Betelgeuse (α Orionis) Ebtoljowzâ (#) Fr.: Bételgeuse The → red supergiant that is the second brightest star in the constellation → Orion. Betelgeuse is one of the biggest stars known with a size of almost 1,000 times larger than the Sun, corresponding to an angular diameter of 43.76 ± 0.12 milli-arcseconds (Perrin et al. 2004, A&A 418, 675). It is a → semiregular variable whose → apparent visual magnitude varies between 0.2 and 1.2 shining very rarely more brightly than its neighbor → Rigel. The energy released by Betelgeuse is estimated to be only 13% in the form of visible light, with most of its radiation being at → infrared wavelengths. The distance of Betelgeuse is 643±146 → light-years (Harper et al. 2008, AJ 135, 1430), while its luminosity is about 140,000 times that of the Sun (→ solar luminosity). Its → spectral type is M2 Iab, its → surface temperature about 3,600 K, and its → initial mass 10 to 20 → solar masses (M_{sun}). Neilson & Lester (2011, arXiv:1109.4562) recently proposed a mass of 11.6 (+5.0, -3.9) M_{sun} for Betelgeuse, while Dolan et al. (2008, BAPS 53, APR.S8.6) obtained about 21 M_{sun}. Its → rotation period is estimated to be about 17 years (Uittenbroek et al. 1998, AJ 116, 2501). Recent observations with the → Very Large Telescope resolve not only the apparent surface of Betelgeuse, but also reveal a large and previously unknown plume of gas extending into space from the surface of the star (Kervella et al. 2009, A&A 504, 115). The plume extends to at least six times the diameter of the star, corresponding to the distance between the Sun and Neptune. This detection suggests that the whole outer shell of Betelgeuse is not shedding matter evenly in all directions. More recently, an image of the surface of the star was obtained using long → baseline → interferometry at infrared wavelengths (Haubois et al. 2009, A&A 508, 923). It shows the presence of an irregular flux distribution possibly caused by enormous → convective cells. A very large dusty envelope has also been observed at larger distances from the star (Kervella et al. 2011, A&A 531, A117). Betelgeuse, from Ar. Ibt al-Jauza' ( Ebtoljowzâ, from Ar. Ibt al-Jauza'. |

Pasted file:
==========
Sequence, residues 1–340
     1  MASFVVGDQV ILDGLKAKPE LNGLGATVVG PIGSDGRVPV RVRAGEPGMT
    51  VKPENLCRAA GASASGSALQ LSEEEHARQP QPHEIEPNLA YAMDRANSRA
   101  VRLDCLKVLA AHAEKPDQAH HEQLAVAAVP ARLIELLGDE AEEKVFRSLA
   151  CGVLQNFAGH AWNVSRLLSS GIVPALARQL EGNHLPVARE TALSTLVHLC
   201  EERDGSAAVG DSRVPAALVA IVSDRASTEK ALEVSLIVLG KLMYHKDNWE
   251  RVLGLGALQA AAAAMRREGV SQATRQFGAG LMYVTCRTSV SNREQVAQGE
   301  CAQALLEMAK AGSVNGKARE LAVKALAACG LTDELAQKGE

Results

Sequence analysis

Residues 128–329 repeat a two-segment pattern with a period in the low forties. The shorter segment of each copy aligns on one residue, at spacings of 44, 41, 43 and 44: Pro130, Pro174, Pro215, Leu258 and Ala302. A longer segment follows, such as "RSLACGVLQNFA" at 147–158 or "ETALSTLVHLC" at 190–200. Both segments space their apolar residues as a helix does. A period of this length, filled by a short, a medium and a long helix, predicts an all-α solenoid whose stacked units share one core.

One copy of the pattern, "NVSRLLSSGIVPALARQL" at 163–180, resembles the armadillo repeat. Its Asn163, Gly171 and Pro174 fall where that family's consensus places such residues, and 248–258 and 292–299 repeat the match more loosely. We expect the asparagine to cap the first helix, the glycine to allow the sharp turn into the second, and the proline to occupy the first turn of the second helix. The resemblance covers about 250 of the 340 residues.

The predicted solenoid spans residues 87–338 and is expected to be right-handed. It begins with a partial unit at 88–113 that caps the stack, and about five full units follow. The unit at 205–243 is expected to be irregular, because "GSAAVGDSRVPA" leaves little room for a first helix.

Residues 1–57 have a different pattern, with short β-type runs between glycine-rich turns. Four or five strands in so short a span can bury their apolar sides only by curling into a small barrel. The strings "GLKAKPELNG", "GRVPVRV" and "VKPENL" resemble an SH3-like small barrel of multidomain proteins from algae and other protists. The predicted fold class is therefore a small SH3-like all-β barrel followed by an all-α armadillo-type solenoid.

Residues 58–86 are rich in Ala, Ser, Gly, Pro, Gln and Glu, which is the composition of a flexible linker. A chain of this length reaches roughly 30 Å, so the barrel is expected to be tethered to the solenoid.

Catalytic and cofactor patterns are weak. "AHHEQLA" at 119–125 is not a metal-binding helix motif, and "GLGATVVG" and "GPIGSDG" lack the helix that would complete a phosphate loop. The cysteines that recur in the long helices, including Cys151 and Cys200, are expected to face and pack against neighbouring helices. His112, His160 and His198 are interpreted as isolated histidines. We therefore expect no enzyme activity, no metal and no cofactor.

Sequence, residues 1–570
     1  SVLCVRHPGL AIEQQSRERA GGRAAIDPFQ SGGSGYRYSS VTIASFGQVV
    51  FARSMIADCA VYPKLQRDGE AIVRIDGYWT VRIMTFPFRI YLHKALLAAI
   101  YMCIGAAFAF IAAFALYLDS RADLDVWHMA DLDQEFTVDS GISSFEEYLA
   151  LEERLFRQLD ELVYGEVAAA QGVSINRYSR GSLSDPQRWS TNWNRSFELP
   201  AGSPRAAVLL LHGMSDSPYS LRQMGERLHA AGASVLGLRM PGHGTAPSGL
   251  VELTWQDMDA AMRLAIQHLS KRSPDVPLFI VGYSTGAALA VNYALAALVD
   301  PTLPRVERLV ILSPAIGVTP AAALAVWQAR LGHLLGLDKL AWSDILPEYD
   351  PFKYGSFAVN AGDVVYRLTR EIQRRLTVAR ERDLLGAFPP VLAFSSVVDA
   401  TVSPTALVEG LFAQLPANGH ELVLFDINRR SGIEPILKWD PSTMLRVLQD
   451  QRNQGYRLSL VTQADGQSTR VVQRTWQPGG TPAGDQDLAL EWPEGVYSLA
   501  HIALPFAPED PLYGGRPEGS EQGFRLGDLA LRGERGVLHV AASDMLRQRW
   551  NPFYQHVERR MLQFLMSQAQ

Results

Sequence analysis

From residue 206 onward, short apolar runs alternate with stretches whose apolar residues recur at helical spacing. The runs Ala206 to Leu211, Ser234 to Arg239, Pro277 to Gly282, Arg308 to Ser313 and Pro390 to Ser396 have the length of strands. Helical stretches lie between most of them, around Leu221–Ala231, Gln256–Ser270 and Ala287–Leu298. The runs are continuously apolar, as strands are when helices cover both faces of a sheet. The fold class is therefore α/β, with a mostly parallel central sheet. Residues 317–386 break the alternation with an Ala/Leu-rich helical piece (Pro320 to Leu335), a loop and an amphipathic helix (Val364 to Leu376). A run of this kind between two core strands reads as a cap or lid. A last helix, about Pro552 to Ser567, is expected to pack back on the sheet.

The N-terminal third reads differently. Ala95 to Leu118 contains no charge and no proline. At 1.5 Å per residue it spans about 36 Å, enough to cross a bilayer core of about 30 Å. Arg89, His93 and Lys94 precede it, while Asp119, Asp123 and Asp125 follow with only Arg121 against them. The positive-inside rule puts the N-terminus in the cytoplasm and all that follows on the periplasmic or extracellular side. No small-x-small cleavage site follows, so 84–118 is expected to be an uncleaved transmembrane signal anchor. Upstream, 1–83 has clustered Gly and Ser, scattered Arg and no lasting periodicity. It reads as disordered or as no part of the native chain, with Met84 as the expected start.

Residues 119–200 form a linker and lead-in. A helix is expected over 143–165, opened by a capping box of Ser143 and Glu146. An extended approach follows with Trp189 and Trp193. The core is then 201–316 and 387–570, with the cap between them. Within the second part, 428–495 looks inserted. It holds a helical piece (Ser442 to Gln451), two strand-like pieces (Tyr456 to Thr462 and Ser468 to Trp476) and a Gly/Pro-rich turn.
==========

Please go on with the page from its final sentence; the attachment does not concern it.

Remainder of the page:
biased galaxy formation diseš-e varakdâr-e kahkašânhâ Fr.: formation biaisée de galaxies The theory that bright galaxies form preferentially from anomalously overdense perturbations in the → early Universe. |